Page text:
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AU - Piotrowski, Anna F.

AU - Strowd, Roy E.

AU - Seopaul, Shannon

AU - Lu, Yao

AU - Barker, Norman Joseph

AU - Sivakumar, Ananyaa

AU - Rodriguez, Fausto J

AU - Grossman, Stuart A

AU - Burger, Peter C.

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N2 - Purpose: Clinical factors and neuro-imaging in patients with glioblastoma who appear to progress following standard chemoradiation are unable to reliably distinguish tumor progression from pseudo-progression. As a result, surgery is commonly recommended to establish a final diagnosis. However, studies evaluating the pathologists’ agreement on pathologic diagnoses in this setting have not been previously evaluated. Methods: A hypothetical clinical history coupled with images of histological sections from 13 patients with glioblastoma who underwent diagnostic surgery for suspected early recurrence were sent to 101 pathologists from 50 NCI-designated Cancer Centers. Pathologists were asked to provide a final diagnosis (active tumor, treatment effect, or unable to classify) and to report on percent active tumor, treatment effect, and degree of cellularity and degree of mitotic activity. Results: Forty-eight pathologists (48%) from 30 centers responded. In three cases > 75% of pathologists diagnosed active tumor. In two cases > 75% diagnosed treatment effect. However, in the remaining eight cases the disparity in diagnoses was striking (maximum agreement on final diagnosis ranged from 36 to 68%). Overall, only marginal agreement was observed in the overall assessment of disease status [kappa score 0.228 (95% CI 0.22–0.24)]. Conclusions: Confidence in any clinical diagnostic assay requires that very similar results are obtained from identical specimens evaluated by sophisticated clinicians and institutions. The findings of this study illustrate that the diagnostic agreement between different cases of repeat resection for suspected recurrent glioblastoma can be variable. This raises concerns as pathological diagnoses are critical in directing standard and experimental care in this setting.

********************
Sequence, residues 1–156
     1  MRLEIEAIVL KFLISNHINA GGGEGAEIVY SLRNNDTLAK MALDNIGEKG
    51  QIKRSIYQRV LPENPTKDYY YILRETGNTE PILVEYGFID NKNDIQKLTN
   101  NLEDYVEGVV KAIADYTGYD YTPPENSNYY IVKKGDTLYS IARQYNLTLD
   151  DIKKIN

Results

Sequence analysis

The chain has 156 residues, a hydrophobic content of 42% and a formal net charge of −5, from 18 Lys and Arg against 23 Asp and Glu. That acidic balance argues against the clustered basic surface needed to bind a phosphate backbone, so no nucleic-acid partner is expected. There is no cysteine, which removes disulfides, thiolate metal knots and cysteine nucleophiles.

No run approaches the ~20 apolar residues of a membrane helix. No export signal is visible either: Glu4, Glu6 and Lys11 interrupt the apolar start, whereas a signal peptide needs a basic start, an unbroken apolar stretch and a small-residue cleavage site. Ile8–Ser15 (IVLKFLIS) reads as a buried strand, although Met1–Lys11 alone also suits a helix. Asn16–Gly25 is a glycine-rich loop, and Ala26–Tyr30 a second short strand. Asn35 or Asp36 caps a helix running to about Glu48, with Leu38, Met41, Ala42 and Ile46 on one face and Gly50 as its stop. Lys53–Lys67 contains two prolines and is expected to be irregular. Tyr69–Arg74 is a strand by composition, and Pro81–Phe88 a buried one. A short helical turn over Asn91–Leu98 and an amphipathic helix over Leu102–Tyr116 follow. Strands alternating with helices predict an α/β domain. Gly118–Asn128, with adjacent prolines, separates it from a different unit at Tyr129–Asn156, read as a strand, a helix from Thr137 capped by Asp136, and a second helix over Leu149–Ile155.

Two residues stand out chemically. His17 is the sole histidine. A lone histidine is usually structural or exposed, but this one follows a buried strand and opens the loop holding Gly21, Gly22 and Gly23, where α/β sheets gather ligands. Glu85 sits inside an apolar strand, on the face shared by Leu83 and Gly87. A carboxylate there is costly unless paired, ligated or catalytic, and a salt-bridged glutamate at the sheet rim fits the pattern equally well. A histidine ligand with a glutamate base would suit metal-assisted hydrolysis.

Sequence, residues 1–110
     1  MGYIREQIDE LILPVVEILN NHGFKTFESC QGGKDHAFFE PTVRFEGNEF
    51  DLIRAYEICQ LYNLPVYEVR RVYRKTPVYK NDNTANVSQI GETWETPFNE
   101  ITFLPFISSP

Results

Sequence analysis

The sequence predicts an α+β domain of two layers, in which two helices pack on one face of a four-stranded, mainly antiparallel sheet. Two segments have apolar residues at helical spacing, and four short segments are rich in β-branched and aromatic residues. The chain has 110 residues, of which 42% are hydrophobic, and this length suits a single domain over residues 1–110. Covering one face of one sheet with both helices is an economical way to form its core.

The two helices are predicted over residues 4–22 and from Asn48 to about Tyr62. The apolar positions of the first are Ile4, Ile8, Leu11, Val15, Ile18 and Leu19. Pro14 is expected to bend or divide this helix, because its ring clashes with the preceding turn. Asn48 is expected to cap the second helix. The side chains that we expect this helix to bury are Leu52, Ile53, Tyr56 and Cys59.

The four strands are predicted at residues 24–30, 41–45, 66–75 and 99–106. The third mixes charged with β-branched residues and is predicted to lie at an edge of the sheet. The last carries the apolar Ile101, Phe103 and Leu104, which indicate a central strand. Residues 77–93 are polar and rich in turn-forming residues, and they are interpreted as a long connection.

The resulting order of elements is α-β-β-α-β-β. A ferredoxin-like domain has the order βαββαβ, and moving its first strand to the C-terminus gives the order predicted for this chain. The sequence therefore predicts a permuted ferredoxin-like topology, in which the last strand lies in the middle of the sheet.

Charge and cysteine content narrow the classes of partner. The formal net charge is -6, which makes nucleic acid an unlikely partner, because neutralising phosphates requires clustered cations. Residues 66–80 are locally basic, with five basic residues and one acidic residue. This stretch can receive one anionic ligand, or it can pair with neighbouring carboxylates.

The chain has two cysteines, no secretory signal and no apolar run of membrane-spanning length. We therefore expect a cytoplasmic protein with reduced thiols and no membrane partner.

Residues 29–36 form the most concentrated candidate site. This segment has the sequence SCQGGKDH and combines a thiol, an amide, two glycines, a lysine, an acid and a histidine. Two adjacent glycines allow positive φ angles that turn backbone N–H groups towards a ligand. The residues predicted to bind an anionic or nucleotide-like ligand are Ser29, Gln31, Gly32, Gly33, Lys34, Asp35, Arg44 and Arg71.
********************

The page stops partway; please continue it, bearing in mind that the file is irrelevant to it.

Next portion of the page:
AB - Purpose: Clinical factors and neuro-imaging in patients with glioblastoma who appear to progress following standard chemoradiation are unable to reliably distinguish tumor progression from pseudo-progression. As a result, surgery is commonly recommended to establish a final diagnosis. However, studies evaluating the pathologists’ agreement on pathologic diagnoses in this setting have not been previously evaluated. Methods: A hypothetical clinical history coupled with images of histological sections from 13 patients with glioblastoma who underwent diagnostic surgery for suspected early recurrence were sent to 101 pathologists from 50 NCI-designated Cancer Centers. Pathologists were asked to provide a final diagnosis (active tumor, treatment effect, or unable to classify) and to report on percent active tumor, treatment effect, and degree of cellularity and degree of mitotic activity. Results: Forty-eight pathologists (48%) from 30 centers responded. In three cases > 75% of pathologists diagnosed active tumor. In two cases > 75% diagnosed treatment effect. However, in the remaining eight cases the disparity in diagnoses was striking (maximum agreement on final diagnosis ranged from 36 to 68%). Overall, only marginal agreement was observed in the overall assessment of disease status [kappa score 0.228 (95% CI 0.22–0.24)]. Conclusions: Confidence in any clinical diagnostic assay requires that very similar results are obtained from identical specimens evaluated by sophisticated clinicians and institutions. The findings of this study illustrate that the diagnostic agreement between different cases of repeat resection for suspected recurrent glioblastoma can be variable. This raises concerns as pathological diagnoses are critical in directing standard and experimental care in this setting.